Vitamin B6

 

This vitamin is a coenzyme important in the digestion of protein.

 

The richest sources of vitamin B6 are meats (especially organ meats), fortified soy-based meat substitutes, poultry, fish (especially tuna), legumes, nuts, peanut butter, whole grains, fortified cereals, and various fruits and vegetablesparticularly potatoes and bananas.

 

A shortage of vitamin B6 may lead to nervous-system problems that bring on confusion and depression. Other symptoms include skin disorders, anemia, cracks at the corners of the mouth, inflammation of the mucous membranes of the mouth, dizziness, nausea, and kidney stones.

 

Although an excess of vitamin B6 is generally excreted in the urine, it's not true that large doses from supplements are harmless, as once believed. (The vitamin used to be prescribed as a palliative for water retention and other symptoms of premenstrual syndrome.) People who take more than 200 milligrams per day (about 100 times the Food and Nutrition Board's Recommended Dietary Allowance) will, after a few months or years (sooner if the doses are higher), develop problems with sensory nerves.

 

Vitamin B6 and Heart Disease

 

Vitamin B6 appears to help vitamin B12 and folate (another B vitamin) curb levels of homocysteine in the blood, thereby protecting against heart disease. (See Folate.) Of the three vitamins, B6's contribution seems to be the weakest. All three are under intense study and should make headlines over the next few years. (Diet Power's news page will carry the latest.)

 

Your Daily Allowance

 

Diet Power sets your Personal Daily Allowance (PDA) of vitamin B6 at the Recommended Dietary Allowance (RDA).

 

The RDA is sometimes cited in milligrams (mg): 1.3 for males 14 to 50 years old, 1.7 for men 51 and older, 1.2 for females 14 to 18 years old, 1.3 for women 19 to 50 years old, 1.5 for women 51 and older, 1.9 for pregnant women, and 2.0 for nursing mothers.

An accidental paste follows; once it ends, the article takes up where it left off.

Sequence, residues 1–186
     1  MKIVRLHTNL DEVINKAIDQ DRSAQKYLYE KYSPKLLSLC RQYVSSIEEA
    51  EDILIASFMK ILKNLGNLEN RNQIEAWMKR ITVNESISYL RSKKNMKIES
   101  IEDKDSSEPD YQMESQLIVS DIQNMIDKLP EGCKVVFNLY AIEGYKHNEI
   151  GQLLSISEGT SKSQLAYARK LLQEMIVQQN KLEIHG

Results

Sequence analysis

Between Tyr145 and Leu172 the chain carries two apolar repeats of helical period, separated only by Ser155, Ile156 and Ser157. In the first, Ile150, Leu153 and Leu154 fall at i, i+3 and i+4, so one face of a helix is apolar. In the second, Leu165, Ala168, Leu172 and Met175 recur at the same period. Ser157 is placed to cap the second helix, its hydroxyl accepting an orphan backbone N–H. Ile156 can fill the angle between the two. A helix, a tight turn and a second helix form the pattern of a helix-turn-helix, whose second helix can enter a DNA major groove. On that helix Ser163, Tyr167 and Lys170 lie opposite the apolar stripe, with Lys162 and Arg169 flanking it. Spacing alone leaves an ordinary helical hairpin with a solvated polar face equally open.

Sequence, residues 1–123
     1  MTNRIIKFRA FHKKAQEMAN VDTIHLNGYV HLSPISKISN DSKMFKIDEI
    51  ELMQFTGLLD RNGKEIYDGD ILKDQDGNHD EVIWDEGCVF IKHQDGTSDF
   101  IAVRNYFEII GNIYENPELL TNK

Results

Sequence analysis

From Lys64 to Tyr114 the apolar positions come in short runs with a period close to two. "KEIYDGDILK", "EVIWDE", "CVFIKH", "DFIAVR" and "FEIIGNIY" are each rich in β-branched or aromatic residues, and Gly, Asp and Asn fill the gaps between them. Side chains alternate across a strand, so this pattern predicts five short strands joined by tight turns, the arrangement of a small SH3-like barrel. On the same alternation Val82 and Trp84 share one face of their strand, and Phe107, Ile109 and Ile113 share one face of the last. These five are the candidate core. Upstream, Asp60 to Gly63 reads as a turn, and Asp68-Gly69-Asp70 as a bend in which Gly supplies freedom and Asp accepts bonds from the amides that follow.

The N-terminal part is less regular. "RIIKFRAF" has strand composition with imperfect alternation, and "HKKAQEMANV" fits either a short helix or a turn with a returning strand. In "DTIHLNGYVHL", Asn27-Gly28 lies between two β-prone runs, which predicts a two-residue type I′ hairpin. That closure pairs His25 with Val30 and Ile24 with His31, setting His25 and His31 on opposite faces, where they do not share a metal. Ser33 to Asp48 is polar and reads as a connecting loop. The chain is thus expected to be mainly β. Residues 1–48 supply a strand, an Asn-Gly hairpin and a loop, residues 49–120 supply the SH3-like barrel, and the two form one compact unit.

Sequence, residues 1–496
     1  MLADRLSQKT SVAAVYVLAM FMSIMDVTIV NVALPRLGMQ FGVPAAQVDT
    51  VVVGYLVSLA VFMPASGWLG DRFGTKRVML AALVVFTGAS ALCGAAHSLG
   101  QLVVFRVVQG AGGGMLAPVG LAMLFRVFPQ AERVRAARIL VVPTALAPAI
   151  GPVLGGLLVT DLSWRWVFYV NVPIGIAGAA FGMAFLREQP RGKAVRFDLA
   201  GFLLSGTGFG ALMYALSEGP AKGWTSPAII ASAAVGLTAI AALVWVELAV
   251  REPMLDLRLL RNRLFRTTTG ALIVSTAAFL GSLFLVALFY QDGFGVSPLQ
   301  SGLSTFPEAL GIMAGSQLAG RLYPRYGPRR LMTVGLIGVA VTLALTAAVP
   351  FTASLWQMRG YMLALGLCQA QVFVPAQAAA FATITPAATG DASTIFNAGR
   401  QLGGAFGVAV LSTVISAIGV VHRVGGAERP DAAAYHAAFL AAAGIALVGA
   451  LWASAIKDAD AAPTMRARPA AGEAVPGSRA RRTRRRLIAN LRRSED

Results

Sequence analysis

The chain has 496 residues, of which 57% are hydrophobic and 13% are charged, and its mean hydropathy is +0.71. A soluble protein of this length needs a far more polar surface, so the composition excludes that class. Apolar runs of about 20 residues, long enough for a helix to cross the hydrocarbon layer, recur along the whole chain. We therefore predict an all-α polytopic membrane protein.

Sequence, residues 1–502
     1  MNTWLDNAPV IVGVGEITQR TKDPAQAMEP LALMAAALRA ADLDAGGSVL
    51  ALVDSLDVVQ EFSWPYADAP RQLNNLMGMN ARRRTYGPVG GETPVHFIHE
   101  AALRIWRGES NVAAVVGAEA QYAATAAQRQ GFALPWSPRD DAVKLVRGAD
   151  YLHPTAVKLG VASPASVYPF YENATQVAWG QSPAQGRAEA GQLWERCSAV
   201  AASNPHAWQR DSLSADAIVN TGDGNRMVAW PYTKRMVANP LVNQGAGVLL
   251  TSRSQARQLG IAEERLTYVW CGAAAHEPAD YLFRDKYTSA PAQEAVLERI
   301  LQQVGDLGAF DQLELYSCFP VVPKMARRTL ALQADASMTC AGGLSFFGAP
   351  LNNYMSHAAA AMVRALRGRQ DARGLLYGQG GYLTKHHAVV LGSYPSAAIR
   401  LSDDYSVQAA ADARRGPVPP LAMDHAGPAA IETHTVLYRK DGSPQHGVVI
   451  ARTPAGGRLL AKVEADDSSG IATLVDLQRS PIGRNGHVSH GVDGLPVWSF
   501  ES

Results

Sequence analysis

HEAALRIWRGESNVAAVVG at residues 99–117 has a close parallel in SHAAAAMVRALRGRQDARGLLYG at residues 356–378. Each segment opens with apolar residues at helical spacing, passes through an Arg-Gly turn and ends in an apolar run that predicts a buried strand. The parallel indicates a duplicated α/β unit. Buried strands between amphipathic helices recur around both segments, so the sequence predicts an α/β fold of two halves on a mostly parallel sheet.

When it's cited in micrograms (g), the corresponding numbers are 1000 times larger: 1300 for males 14 to 50 years old, 1700 for men 51 and older, 1200 for females 14 to 18 years old, 1300 for women 19 to 50 years old, 1500 for women 51 and older, 1900 for pregnant women, and 2000 for nursing mothers.

 

Upper Limit

 

The Tolerable Upper Intake Level (UL) for vitamin B6 is 80 milligrams (or 80,000 micrograms) per day for people aged 14 to 18 and 100 milligrams (or 100,000 micrograms) per day for people 19 and older, regardless of sex or reproductive state.

 

Revising Your Allowance

 

If your doctor recommends a different PDA, you can change it with the Personal Daily Allowance Editor.

 

Color Coding of This Nutrient

 

The vitamin-B6 bar in your personal Nutrient History is:

In the nutrient profile of a food or recipe, the vitamin-B6 bar is:

How Complete Are Diet Power's Vitamin-B6 Readings?

 

For the 8500 generic items in the Food Dictionary: fairly complete. Only 7 percent list their vitamin-B6 content as "unknown."

 

For the 2500 chain-restaurant items: totally incomplete. All list vitamin B6 as "unknown."

 

For all 11,000 items combined: not terribly complete. About 28 percent list vitamin B6 as "unknown."

 

These figures mean that if you frequently log chain-restaurant foods (or user-added foods with missing vitamin-B6 readings), your Nutrient History may underreport your intake of vitamin B6 by a few points.

 

To see whether a particular food has a vitamin-B6 reading, open the Food Dictionary and check the food's nutrient profile. If you find a question mark beside "Vitamin B6," it means the amount is unknown. (To see all foods with unknown vitamin-B6 readings, click the dictionary's PowerFoods tab and sort the foods by vitamin-B6 power; then scroll toward the bottom of the list until you see foods with question marks in the "Power Rating" column.)

 

Vitamin B6 on Food Labels

 

Food labels are not required to report vitamin B6 content, but some do. They may cite the amount in milligrams, percent of Daily Value, or both.

 

The Daily Value for vitamin B6 is 2.0 milligrams, or 2000 micrograms. This amount is not necessarily right for you, howeverit's a rough estimate meant to cover most of the U.S. population.

 

For more label regulations, see Labels, Food.

 


 

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Last Modified: 7/27/07